Amedeo Modigliani - Nu couché (Reclining Nude)

Amedeo Modigliani
Nu couché (Reclining Nude)
Sold for $170,405,000 / £113,000,663 / €157,861,926

Roy Lichtenstein - Nurse

Roy Lichtenstein
Nurse
Sold for $95,365,000 / £63,239,390 / €88,345,428


Modigliani’s Nu Couché makes $170 million at Christie's



Christie’s sold Amedeo Modigliani’s 'Nu couché (Reclining Nude)' for $170,4 million, the second highest price ever paid for a painting at auction. Roy Lichtenstein's 'Nurse' fetched $95,4 million, an auction record for the artist.

November 11, 2015, source: Christie’s

Jussi Pylkkänen, Christie’s Global President and Chief Auctioneer commented about the Modigliani: “This is quite simply one of the most important paintings I have handled in my long career at Christie’s. There are a very small number of masterpieces that we dream of handling: this magnificent Modigliani has always been one of them."

The painting is one of a series of great female nudes made for Léopold Zborowski that famously caused a scandal nearly a century ago when they were exhibited at Modigliani’s first and only one-man show at the Galerie Berthe Weill in Paris. Outraged by the content of this show — which caused a crowd to form outside the gallery window where one of Modigliani’s nudes was openly on display — the police demanded the immediate closure of the exhibition.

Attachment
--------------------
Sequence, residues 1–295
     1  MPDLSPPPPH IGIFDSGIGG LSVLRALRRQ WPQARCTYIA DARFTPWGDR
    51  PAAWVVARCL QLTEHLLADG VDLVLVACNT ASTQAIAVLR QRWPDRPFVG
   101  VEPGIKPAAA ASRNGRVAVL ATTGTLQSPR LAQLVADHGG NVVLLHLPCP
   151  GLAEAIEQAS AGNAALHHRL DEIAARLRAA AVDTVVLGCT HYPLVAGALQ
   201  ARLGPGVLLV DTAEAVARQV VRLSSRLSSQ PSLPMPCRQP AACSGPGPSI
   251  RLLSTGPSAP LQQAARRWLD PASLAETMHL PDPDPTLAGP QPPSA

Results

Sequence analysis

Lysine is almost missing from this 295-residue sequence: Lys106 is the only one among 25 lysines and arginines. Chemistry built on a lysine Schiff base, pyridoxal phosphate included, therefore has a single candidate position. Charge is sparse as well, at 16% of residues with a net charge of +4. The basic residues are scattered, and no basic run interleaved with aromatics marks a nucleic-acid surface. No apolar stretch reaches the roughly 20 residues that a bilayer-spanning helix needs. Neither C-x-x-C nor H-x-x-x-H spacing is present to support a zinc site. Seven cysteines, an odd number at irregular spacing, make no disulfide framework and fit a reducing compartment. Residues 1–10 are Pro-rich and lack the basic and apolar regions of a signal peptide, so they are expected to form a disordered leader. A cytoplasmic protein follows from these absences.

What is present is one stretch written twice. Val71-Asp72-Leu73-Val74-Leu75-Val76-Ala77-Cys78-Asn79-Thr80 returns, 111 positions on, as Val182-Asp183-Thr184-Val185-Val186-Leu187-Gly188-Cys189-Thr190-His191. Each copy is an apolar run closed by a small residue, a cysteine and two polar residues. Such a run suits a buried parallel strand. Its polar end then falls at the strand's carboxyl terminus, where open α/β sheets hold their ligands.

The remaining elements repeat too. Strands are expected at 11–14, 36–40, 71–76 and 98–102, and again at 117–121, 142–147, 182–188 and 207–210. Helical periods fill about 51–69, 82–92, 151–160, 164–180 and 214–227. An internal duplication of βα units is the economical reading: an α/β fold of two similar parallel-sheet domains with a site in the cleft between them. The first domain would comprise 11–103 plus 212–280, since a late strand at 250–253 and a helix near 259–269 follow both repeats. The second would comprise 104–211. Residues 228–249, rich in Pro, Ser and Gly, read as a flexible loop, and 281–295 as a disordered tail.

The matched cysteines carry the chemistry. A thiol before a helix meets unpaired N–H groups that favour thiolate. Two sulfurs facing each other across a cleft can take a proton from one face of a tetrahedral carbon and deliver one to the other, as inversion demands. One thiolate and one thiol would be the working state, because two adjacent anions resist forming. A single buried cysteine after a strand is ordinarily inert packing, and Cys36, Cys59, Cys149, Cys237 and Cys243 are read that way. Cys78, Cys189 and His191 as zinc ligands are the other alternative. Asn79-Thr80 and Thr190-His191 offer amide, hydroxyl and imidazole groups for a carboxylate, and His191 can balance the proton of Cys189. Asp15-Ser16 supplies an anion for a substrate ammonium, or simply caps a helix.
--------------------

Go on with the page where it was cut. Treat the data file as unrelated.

Roy Lichtenstein’s 'Nurse' fetched $95,4 million, an auction record for the artist. The work is a dazzling celebration of the bold new imagery that uniquely defined Roy Lichtenstein. The subject of this painting stands alongside the likes of Marilyn Monroe, Elizabeth Taylor and Jacqueline Kennedy as one of a distinguished group of female icons who came to define this radical new movement. The subject of Nurse is a quintessential Lichtenstein heroine. His signature Ben-Day dots, her strong features and flawless skin are stylized modes of graphic imagery that create visual perfection. Her imposing uniform—as defined by the striped fabric of her dress, the stiff white collar and her starched white hat—clearly indicate that she is a member of the nursing profession. Yet her piercing blue eyes, blond hair, and luscious red lips also lend the work a frisson of latent sexuality—less heavenly angel and more femme fatal. Roy Lichtenstein challenges the feminine stereotype by re-presenting these appropriated images, invites a reconsideration of women and their role’s as defined in the early 1960’s.


Related content

Amedeo Modigliani’s 'La Belle Romaine' sells for $68.9 million (November 2010)


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